How Automated Dewatering Control Works

Historically, automated sludge dewatering control systems have experienced problems. One has been with instrumentation, where drift caused by contamination resulted in repeatability difficulty. Also, environmental variables which were independent of the dewatering process could affect the instrument output. Another problem experienced with some systems stemmed from the difficulty in relating the measurement being taken to what was happening in the system as a whole, except for a quite narrowly defined operating range and sludge conditions.

How Automated Dewatering Control Works

The SLX system uses a filtrate meter to monitor the combined filtrate streams from the belt press. A major departure from previous systems that increased polymer when the filtrate deteriorated is that the SLX looks only for changes in the filtrate probe reading. The absolute value of the reading is not required for accurate control.

How Automated Dewatering Control Works

This strategy overcomes the problems posed by changes in sludge feed or type, or changes in polymer type or batch that might occur during operation. These changes, which can be expected to take place from time to time, would require a new setpoint to be input for a controller to function. For the Vallejo project, the SLX does not use a fixed setpoint; it dynamically seeks the setpoint as it operates by making process changes and monitoring the reaction from the press in the form of a change in the filtrate turbidity.

How Automated Dewatering Control Works

When the polymer dose rate is decreased, the base level filtrate remains relatively unchanged as the dose rate drops until it reaches the point where there is barely sufficient polymer to flocculate the sludge. At this point, the filtrate solids increase rapidly due to extrusion and passage of solids through the belt fabric in the gravity zone, and the SLX recognizes that it has found the dose rate "knee".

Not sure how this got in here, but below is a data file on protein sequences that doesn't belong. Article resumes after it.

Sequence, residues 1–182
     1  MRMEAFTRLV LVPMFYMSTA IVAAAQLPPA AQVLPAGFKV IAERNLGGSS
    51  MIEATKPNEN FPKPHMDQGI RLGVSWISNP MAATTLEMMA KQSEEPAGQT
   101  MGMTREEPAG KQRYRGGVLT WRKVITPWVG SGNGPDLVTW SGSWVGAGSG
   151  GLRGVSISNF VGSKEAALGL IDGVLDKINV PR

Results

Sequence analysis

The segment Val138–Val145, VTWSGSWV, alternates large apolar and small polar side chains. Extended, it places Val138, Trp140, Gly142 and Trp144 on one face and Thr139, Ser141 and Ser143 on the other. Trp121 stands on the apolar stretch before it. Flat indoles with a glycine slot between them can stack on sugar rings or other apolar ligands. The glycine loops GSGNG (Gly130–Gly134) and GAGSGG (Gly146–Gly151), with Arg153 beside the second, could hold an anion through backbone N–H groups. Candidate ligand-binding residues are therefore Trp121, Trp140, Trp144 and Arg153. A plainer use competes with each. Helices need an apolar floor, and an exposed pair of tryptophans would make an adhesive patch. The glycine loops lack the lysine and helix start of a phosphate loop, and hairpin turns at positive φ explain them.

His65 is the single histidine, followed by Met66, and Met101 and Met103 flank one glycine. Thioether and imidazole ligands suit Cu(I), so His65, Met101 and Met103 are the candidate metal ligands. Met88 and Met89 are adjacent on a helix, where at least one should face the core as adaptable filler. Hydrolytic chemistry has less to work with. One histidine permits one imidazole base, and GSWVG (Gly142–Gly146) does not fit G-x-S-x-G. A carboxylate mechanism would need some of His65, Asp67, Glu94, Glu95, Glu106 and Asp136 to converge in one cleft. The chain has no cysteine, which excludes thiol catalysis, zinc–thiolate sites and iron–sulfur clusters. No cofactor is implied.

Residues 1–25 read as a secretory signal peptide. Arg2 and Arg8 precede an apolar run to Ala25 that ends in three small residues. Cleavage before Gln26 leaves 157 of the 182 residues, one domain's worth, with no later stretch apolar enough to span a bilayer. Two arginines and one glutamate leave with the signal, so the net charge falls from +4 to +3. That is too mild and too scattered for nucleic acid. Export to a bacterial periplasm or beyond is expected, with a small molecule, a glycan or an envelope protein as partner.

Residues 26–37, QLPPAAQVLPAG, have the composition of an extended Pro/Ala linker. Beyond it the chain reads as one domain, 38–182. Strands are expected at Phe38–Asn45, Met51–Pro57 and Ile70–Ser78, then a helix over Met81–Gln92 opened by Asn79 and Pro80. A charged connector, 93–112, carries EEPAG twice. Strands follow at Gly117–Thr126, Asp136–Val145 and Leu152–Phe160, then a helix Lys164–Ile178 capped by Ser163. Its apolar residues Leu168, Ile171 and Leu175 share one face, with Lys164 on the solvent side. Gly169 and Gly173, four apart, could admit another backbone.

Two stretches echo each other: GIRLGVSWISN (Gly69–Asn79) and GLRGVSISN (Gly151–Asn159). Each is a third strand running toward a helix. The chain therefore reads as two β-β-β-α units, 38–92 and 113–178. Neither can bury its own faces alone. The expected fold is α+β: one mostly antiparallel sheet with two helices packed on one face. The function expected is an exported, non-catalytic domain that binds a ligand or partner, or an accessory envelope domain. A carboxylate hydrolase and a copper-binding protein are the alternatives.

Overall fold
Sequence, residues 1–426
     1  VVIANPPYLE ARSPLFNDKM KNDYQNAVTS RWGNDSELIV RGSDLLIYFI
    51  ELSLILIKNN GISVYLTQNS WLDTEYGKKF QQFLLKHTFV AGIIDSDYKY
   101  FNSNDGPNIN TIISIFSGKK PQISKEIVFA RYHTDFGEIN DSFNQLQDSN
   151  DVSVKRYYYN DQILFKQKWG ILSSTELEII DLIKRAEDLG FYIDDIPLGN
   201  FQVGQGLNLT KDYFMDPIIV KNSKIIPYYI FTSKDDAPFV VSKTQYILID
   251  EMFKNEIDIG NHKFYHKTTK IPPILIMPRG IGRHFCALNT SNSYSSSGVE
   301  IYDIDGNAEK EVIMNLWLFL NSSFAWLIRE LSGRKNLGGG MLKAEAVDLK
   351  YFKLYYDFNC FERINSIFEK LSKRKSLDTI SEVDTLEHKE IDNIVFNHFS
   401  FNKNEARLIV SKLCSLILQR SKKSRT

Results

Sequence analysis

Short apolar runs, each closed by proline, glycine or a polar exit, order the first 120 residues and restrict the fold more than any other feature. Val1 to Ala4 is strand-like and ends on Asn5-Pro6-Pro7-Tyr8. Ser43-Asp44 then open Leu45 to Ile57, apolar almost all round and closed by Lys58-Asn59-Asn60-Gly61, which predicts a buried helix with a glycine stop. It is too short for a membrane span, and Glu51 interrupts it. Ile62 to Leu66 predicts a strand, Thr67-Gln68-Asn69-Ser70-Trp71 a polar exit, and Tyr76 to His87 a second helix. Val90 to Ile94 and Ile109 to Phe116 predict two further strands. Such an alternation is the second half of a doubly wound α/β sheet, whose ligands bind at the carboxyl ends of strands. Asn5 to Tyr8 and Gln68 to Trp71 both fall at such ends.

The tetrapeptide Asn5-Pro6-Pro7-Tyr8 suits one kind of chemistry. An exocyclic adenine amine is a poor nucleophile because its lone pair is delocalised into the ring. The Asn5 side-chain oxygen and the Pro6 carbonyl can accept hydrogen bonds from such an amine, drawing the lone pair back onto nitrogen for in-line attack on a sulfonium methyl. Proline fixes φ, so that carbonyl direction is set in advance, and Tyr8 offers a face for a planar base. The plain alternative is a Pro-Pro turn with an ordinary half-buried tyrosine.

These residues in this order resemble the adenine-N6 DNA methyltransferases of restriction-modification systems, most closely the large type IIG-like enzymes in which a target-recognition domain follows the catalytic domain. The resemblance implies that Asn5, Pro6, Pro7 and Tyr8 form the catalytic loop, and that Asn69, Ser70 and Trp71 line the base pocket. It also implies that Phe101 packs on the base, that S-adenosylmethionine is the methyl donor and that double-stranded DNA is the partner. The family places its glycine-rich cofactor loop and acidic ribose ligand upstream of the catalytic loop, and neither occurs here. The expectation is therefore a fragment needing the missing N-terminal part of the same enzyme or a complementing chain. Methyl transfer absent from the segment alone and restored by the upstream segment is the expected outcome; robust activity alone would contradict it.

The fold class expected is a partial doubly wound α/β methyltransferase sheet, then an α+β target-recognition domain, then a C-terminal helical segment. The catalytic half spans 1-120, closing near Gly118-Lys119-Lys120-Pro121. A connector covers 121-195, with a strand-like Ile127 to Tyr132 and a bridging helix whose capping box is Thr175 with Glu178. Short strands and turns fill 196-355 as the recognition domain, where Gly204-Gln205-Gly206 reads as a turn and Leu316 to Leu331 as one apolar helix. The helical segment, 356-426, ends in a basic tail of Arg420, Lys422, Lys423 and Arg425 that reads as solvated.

How Automated Dewatering Control Works

The detection of the maximum loading point is found in a similar manner. As the solids loading is increased, the filtrate base level again remains fairly static until the maximum loading is reached. At this time, the press cannot take any more sludge, and it begins to extrude sideways between the belts in the pressure zone and wedge zone. This produces a rapid increase in filtrate solids, which is detected by the filtrate monitor in the same way as the minimum polymer reaction.

How Automated Dewatering Control Works

The system is not affected by progressive probe fouling, as the rate of change is the important parameter, rather than the absolute numerical value sent back by the probe.

Dewatering Automation Results